The controversy sparked by the recent unrest at the Kwame Nkrumah University of Science and Technology (KNUST) is far from over.
Like the proverbial octopus, the issue develops tentacles each day as there appear to be no end in sight tower to the raging impasse.
This time around, the KNUST branch of University Teachers Association of Ghana (UTAG), has formally notified the National Labour Commission (NLC) of its intention to withdraw some of its services on November 19, 2018.
According to a letter to the NLC the government is undermining efforts by KNUST Chancellor, Otumfour Osei Tutu II, to resolve the impasse at the Kumasi-based University.
“Should government continue its refusal to restore Council, UTAG-KNUST resolves to withdraw teaching and library services until further notice,” the teacher union informed the NLC in the notice.
Talks between the government and teacher unions over the composition of the Governing Council of KNUST broke down this week, scuttling efforts to re-open the school for academic work to begin.
The university, which was closed down after student destroyed properties in a fierce demonstration against school administrators, was scheduled to re-open on Thursday, November 8, as part of a roadmap to restoring peace on campus.
A key part of that roadmap was for the Chancellor of the University, Asantehene Otumfuo Osei Tutu II, to re-constitute the Governing Council of the school.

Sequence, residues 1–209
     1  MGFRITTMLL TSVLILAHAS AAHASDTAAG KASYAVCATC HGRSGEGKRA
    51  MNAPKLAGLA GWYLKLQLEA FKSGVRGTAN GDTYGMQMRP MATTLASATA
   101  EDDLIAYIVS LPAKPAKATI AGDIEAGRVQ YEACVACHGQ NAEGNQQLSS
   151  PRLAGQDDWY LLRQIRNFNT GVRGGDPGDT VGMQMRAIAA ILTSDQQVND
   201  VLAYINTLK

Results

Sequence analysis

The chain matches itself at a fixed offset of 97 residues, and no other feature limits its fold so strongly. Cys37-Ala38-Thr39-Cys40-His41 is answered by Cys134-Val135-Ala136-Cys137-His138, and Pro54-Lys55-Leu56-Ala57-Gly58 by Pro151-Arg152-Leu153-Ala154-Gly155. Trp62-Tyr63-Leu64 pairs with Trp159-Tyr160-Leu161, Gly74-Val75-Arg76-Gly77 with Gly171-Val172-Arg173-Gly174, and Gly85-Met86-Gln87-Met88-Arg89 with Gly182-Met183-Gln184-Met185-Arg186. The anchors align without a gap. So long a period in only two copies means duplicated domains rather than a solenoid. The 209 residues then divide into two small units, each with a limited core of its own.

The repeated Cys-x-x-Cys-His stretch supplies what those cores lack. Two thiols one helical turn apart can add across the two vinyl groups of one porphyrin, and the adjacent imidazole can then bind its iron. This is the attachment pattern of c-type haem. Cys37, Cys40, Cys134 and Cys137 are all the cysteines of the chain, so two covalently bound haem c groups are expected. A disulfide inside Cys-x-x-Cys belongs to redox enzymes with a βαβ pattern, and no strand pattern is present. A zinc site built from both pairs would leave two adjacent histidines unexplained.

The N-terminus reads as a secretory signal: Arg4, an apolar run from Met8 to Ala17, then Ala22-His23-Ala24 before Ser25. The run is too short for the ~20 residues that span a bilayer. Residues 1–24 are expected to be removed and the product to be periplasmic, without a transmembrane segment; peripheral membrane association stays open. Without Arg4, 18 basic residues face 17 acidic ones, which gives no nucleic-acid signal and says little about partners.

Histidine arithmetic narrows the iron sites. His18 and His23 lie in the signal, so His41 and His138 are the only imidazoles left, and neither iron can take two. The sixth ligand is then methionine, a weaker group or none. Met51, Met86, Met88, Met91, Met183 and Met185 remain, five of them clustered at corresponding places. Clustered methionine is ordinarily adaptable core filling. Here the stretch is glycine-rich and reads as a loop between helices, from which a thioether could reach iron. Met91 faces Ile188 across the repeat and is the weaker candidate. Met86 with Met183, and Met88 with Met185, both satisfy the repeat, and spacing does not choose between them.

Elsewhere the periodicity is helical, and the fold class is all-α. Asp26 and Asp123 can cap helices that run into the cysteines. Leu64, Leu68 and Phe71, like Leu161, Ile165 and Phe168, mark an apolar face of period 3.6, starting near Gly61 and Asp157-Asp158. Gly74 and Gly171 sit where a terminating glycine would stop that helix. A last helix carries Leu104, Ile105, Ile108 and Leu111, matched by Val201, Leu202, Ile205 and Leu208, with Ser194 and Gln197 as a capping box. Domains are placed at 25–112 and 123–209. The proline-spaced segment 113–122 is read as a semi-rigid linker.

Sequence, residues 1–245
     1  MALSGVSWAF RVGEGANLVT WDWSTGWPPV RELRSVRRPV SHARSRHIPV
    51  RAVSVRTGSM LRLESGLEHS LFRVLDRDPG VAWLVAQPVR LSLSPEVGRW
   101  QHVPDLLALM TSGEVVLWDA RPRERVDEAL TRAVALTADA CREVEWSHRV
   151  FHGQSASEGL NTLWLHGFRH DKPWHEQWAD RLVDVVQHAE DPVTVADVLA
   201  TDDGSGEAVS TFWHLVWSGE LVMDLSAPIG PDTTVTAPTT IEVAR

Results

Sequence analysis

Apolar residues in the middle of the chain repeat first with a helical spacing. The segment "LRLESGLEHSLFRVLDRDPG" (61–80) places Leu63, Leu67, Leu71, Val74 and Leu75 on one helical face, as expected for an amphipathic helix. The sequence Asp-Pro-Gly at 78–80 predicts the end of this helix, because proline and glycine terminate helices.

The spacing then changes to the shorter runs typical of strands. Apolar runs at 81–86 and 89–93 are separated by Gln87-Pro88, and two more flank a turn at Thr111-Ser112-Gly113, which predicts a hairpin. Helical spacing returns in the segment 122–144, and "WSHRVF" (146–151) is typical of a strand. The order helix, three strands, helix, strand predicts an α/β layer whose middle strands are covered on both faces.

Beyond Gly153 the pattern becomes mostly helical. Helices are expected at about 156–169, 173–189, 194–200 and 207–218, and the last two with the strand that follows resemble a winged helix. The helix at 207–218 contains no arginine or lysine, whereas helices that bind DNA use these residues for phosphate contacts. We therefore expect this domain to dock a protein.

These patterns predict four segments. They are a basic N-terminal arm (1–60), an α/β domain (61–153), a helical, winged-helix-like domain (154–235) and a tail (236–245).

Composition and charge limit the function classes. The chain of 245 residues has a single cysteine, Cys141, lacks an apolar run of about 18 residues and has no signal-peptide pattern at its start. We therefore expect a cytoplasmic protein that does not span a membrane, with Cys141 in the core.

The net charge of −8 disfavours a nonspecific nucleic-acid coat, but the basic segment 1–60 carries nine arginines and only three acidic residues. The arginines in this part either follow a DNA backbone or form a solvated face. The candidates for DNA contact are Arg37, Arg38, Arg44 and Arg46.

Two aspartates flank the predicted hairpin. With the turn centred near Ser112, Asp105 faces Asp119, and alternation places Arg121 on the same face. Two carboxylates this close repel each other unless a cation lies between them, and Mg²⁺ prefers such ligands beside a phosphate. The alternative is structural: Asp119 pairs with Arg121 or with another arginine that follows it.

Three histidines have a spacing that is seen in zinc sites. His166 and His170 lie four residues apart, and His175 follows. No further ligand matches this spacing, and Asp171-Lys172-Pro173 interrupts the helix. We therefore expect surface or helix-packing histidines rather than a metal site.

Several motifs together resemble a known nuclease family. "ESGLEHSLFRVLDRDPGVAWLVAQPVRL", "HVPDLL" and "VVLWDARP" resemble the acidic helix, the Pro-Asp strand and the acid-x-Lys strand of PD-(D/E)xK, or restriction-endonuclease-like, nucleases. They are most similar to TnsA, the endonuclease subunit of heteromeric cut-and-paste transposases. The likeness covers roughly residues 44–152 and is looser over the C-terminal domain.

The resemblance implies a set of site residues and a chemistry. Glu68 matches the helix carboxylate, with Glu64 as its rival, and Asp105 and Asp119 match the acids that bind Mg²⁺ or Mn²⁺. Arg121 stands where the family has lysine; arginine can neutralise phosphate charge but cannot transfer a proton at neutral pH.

The old Council was dissolved by the government and replaced with an interim Council in the wake of the student uprising.
It may be recalled that on Friday a disagreement between government and UTAG on the composition of the new governing council of the Kwame Nkrumah University of Science and Technology (KNUST) threw the roadmap towards lasting peace off gear as parties took entrenched positions, holding up the process
While the government is asking the University Teachers Association of Ghana (UTAG) to change all its representatives on the new Council, UTAG insists its old representatives will remain, condemning government’s demand on UTAG as meddling.
On Wednesday, teacher unions in the country presented a united front against the government.
The unions described the government’s hard stance on the composition of the new Governing Council as intrusive.
At a joint press conference on Wednesday, the UTAG and Teachers and Education Workers Union (TEWU) said they will not yield to government’s demand that UTAG should select only new members to represent it on the Council.
In the letter to NLC, UTAG reiterated that position, accusing the government of a lack of commitment to resolving the impasse.
“In the past few days government has demonstrated that it is not committed to the resolution of the impasse but rather to the undermining the effort of Otumfuo under the current circumstances, UTAG is of the firm belief that the government is unwilling to constitute the Governing Council to restore academic normalcy,” UTAG-KNUST accused the government in the letter.
Meanwhile, the Minority Spokesperson on Education, Peter Nortsu-Kotoe, has urged the government to allow the unions to keep their representatives on the council.
“We expect government to back down on its entrenched position that the former members of the council who members of the unions and other organisations should not be members of the new council,” the Legislator said.
By: Jeffrey De-Graft Johnson